Watching The Grammys just hours after the devastating helicopter crash that killed basketball legend Kobe Bryant, his daughter Gianna, and seven other people, it was impossible not to be moved by the touching tribute with which host Alicia Keys opened the show. After a few short, powerful lines which included “we’re literally standing here heartbroken in the house that Kobe Bryant built” and “we never imagined in a million years we’d have to start the show like this,” Keys joined Boyz II Men for an emotional performance of It’s So Hard to Say Goodbye to Yesterday.
Although Grammy organizers only learned of the heart-breaking news hours before guests were scheduled to take their seats, they quickly re-scripted and re-staged their opening. Their pivot was highly effective, enabling the many people affected by the tragedy, both in their audience and watching at home, to respectfully honour Bryant. It also enabled the glamorous and celebratory event to continue as normal, albeit with a sombre undertone.
Following the death of a celebrity or other unexpected news events, brands and organizations often quickly turn to social or paid media. Recently, when Prince Harry announced he was stepping back from his role as a senior Royal, Tim Horton’s quickly tweeted: “No pressure, Meghan and Harry, but if you do choose to move to Canada, free coffee for life. Think about it.” It was a spectacular miss. The backlash from offering free coffee for life to a couple worth millions was immediate and widely spread.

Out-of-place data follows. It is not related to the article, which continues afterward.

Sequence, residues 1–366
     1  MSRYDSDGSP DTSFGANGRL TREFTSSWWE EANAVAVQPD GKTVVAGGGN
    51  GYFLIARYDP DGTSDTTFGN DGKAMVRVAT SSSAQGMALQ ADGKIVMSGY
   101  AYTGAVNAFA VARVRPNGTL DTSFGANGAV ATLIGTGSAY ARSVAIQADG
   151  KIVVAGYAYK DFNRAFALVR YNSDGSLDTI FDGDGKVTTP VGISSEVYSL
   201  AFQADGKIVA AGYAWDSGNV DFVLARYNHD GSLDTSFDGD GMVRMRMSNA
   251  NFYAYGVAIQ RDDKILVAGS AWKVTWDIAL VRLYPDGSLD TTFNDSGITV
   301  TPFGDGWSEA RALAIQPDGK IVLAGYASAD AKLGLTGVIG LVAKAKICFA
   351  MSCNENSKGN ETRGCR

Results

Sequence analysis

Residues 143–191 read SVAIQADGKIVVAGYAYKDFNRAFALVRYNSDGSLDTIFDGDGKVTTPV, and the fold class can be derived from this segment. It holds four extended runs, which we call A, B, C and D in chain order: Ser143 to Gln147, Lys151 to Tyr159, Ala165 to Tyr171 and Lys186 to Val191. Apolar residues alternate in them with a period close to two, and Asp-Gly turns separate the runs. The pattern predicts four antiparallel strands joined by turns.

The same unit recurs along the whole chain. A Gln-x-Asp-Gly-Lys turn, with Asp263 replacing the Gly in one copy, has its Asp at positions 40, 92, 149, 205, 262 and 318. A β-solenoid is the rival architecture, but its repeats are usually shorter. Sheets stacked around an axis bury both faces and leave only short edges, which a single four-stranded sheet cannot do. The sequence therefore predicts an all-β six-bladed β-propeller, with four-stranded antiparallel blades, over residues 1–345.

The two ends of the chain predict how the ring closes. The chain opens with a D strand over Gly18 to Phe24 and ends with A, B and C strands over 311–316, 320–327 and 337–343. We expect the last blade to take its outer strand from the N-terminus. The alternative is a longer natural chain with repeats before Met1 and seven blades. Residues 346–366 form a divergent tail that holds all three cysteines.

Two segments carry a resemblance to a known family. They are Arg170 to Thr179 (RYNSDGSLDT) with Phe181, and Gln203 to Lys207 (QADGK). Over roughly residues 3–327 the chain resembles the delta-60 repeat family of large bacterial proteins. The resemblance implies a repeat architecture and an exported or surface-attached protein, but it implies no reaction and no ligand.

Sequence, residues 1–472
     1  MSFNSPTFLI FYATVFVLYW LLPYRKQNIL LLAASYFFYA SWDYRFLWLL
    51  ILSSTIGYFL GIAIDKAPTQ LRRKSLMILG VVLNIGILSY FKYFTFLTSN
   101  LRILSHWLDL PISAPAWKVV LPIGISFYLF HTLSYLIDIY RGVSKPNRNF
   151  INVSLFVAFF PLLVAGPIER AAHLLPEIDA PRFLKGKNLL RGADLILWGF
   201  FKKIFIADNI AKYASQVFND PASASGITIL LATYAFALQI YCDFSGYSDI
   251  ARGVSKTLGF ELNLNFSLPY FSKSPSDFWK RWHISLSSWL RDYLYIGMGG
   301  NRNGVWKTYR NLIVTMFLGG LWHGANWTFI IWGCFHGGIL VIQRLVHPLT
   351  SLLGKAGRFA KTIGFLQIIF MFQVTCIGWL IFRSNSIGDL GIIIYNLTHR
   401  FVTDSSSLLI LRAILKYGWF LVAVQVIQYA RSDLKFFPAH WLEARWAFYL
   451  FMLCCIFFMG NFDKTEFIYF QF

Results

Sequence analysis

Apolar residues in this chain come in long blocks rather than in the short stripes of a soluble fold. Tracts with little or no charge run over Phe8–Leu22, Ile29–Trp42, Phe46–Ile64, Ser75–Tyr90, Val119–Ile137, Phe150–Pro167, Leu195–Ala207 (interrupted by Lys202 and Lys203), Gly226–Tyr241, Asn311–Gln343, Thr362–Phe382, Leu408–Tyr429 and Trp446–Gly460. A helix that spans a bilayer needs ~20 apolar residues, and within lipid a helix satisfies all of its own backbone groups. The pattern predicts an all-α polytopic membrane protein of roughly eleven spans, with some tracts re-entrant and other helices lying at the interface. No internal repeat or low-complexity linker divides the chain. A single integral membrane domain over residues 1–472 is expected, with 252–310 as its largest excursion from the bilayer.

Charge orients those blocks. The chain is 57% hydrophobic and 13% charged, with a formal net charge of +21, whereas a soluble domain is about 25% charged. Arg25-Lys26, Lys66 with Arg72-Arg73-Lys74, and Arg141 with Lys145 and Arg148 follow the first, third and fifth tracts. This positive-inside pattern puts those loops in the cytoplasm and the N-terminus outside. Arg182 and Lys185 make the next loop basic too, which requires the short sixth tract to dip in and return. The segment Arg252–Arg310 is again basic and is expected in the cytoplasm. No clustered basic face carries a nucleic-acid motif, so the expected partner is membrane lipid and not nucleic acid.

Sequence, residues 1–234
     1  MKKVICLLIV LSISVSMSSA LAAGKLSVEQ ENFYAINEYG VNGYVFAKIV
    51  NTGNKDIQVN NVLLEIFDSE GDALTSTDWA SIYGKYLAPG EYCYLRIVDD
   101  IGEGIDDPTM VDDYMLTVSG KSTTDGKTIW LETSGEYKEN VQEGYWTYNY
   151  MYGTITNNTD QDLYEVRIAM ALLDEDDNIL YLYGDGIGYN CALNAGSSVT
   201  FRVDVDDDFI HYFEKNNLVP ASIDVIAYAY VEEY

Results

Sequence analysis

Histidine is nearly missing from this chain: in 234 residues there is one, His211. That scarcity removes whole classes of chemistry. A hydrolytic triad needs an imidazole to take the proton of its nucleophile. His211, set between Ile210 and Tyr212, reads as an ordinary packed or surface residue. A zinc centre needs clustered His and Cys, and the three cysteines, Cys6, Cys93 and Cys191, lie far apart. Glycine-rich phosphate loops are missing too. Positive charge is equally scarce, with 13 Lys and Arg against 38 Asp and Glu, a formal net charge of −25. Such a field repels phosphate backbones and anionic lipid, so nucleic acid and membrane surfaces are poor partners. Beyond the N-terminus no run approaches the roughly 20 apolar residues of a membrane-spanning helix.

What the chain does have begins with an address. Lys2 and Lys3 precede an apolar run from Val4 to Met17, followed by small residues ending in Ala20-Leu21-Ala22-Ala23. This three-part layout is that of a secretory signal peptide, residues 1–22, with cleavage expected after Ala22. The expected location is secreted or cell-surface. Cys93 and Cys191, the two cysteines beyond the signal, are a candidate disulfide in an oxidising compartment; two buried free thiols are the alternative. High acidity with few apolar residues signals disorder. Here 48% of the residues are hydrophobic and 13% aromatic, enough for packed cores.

Many companies are exceptionally skilled at finding opportunistic angles to lever news stories that are getting significant attention. When the “Peloton Girl” commercial generated intense criticism on social media for being sexist and elitist, Ryan Reynolds’ Aviation American Gin company quickly pulled together a clever, and extremely well received response ad – the Peloton girl being consoled by close friends over a glass of gin. It was a brilliant marketing play.
It is reassuring to see that, so far, brands and organizations have largely been measured in their response to Kobe Bryant’s tragic death. Planters made an astute decision and announced it would be pausing its #RIPeanut campaign, created to retire its popular 104-year-old mascot. In an upcoming ad, the mascot was scheduled to sacrifice himself to save his friends after crashing near a cliff. Although the #RIPeanut hashtag had already been widely shared on social media, Planters prudently stopped all campaign activities so its sports-loving fans could grieve the loss of a beloved athlete.
To avoid negative attention and a potential backlash on social media, here are some guidelines to consider when determining how to respond to an unexpected news story:
- Stop all pre-scheduled social media, PR and marketing posts.
- Put up a company post or tweet that expresses sorrow and empathy but make sure it doesn’t also promote or sell your product.
- Steer clear of doing a branded memorial. These are often inappropriate and in poor taste. For example, even though Prince eschewed alcohol, several alcoholic beverage companies created ads and tweets that levered the famous musician.
- If you don’t have a genuine relationship to the celebrity who passed or the event that happened, don’t force or create one.
- Respond quickly but take enough time to carefully craft an authentic, empathetic message.
Ultimately, demonstrating sensitivity in the face of tragic or unexpected news will do your organization or brand far more good than a hastily prepared opportunistic tweet or ad that will be viewed as trying to selfishly profit from a tragic situation.